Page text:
With Literacy and Numeracy Week just around the corner (4 to 10 September 2017) we look at Trinity Grammar School’s Arthur Holt Library and how it inspires lifelong learning and a love of reading. Delivering collections and innovative programmes that celebrate text, promote literacy, and support teaching and learning, the cutting-edge Library has a three-pronged approach to enriching the student experience.
The design of the Arthur Holt Library supports teaching and learning in diversified forms. The class, community, and individuals are all considered and catered for, making the Library a truly dynamic hub.
Days can begin with an event like books@breakfast. Parents, faculty and students fill the space that transforms to accommodate both formal presentations and casual discussions. Then throughout the day that follows, a History class might explore our collections for research in the Seminar Space, and a Wide Reading class might sprawl on cushions in the Lounge. During recess, lunch and after school, students work on personal creative projects, browse and borrow, or catch up on homework. After hours, boarders and students who elect to take part in our Study+ programme make use of the Library space to focus on individual projects and homework.
Housed on every shelf, is a curated collection that grows to accommodate students’ academic needs and cultural tastes. The collection supports the boys’ education, reflects coursework content, challenges worldviews, sparks imagination and hopefully, fosters a life-long respect for writing and love of reading.
An important role of the space is to nurture students and enhance pastoral care. The Library is neither a formal classroom nor a playing field, so it can provide respite from the demands of both. Its corners and nooks provide relief from social pressures, while larger spaces encourage students to support each other in more informal ways.
The Arthur Holt Library Services staff combines expertise in teaching, research and collection development. Library staff members provide research guidance, resource evaluation, proofreading and more. A key role is making recommendations that bolster an appreciation of literature and culture in all forms.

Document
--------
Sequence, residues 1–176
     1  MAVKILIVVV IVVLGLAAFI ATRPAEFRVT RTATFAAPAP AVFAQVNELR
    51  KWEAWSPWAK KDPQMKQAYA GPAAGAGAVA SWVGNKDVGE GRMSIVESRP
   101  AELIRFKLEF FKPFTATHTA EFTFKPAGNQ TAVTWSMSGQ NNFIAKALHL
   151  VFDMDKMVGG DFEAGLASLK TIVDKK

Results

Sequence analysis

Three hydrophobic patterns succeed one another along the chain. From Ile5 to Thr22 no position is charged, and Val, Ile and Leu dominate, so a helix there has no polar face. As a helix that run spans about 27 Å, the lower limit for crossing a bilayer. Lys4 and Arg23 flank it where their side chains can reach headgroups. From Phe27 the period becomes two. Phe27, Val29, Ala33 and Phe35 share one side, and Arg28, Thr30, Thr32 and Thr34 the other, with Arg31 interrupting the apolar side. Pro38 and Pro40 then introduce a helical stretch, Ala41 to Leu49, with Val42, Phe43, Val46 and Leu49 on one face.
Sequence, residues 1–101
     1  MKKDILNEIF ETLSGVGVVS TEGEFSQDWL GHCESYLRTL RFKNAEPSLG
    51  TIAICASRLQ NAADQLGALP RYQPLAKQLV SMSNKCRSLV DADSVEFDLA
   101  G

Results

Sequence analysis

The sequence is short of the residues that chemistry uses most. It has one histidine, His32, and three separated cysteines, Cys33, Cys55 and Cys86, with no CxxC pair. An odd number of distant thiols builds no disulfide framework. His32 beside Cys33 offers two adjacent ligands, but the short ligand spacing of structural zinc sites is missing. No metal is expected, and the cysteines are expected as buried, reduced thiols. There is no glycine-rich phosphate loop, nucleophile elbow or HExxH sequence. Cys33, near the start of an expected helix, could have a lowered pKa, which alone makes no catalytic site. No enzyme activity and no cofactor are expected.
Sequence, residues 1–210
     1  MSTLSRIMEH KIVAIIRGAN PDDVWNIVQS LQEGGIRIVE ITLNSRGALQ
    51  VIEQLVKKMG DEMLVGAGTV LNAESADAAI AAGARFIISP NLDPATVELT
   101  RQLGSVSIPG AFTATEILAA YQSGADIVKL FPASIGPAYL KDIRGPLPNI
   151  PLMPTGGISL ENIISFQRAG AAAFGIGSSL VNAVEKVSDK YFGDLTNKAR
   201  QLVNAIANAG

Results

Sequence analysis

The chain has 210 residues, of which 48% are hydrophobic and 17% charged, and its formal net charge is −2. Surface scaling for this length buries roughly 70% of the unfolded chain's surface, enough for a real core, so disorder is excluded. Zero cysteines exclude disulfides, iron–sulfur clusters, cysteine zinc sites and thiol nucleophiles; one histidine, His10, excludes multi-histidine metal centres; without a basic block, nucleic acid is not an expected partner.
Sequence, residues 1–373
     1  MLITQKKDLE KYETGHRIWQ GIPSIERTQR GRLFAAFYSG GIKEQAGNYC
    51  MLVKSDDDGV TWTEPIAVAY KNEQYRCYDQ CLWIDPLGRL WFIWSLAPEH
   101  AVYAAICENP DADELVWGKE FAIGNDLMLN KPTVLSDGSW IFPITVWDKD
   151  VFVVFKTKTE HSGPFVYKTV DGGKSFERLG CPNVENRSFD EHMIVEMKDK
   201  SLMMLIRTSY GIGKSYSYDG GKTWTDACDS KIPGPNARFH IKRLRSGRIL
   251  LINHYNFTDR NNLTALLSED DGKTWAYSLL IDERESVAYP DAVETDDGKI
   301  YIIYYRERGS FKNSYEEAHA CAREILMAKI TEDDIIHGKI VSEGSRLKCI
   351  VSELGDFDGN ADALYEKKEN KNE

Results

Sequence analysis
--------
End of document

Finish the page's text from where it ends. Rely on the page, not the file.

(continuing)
Initiatives such as the Library Champions programme gives students experience in information management. Library Champions have a direct say in the acquisition process, contribute to planning and hosting of events, and can submit book reviews and creative writing for publication on the Library’s blog.
In this age of information overload, information literacy becomes vitally important. Effective research is no longer a matter of just ‘picking it up as you go along.’ The Library staff teaches students to use resources in a targeted, purposeful and conscientious way.
The transfer of knowledge needs to be both ‘just in case’ and ‘just in time’, and this is at the heart of the Library staff’s approach. Participating in the Life Skills programme gives Year 7 boys an important and timely introduction to referencing and academic honesty. In Year 10 all students complete a course in ‘skills for research at a senior and tertiary level.’ The Library staff is on hand to support Senior students completing projects for the International Baccalaureate, which is enquiry-based.
The Library provides services that support teaching efforts in all departments, and reach beyond simply offering learning spaces. The Library staff consults with teachers from each faculty to ensure the Library’s collection reflects the ever-evolving curriculum. Meaningful collaboration is based on joint lesson planning, team teaching, and a shared responsibility for student outcomes.
The Library plays an active role in the annual Trinity Arts Festival. This year, pop-up libraries with fun themes appeared in different parts of the School and artistic works were exhibited in the Library. Lunch-time paper-craft activities and games brought the spirit of innovation and novelty to the Library.
Recently, as part of National Science Week, Library staff and Science teachers teamed up by staging break-out provocations and installations addressing the theme ‘Future Earth’ and examining the waste generated by students and how it might be better managed to reduce the School’s ecological footprint. An exhibition of up-cycled objects demonstrated novel ways in which unwanted objects can be given new life. The Library also hosted Luke Barnes and Craig Reucassel, who spoke to Year 9 boys about cosmology and sustainability.
Beyond departmental collaborations, the Arthur Holt Library provides creative provocations and moments of rupture and departure by staging events such as TED Week, books@breakfast and National Simultaneous Storytime.
The Library is a destination of surprise and novelty that offers a home-away-from-home and enriches boys’ learning through a deliberate convergence of the Library space, staff and services.
At Trinity Grammar School we equip our students with the tools to gain knowledge, cultivate curiosity and inspire life-long learning. To learn more about the Trinity difference and how we can nurture your son to discover his potential, passions and purpose in life, download our prospectus.